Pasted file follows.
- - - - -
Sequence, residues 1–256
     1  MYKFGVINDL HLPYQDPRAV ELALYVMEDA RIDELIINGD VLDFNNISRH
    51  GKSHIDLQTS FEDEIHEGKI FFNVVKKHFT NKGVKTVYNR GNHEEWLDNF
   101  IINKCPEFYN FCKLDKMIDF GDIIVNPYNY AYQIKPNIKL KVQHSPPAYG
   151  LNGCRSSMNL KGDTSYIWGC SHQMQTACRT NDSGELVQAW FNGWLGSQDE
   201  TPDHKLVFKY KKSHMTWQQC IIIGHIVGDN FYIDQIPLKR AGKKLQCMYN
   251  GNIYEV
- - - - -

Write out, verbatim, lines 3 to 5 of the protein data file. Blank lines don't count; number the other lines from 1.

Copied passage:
    51  GKSHIDLQTS FEDEIHEGKI FFNVVKKHFT NKGVKTVYNR GNHEEWLDNF
   101  IINKCPEFYN FCKLDKMIDF GDIIVNPYNY AYQIKPNIKL KVQHSPPAYG
   151  LNGCRSSMNL KGDTSYIWGC SHQMQTACRT NDSGELVQAW FNGWLGSQDE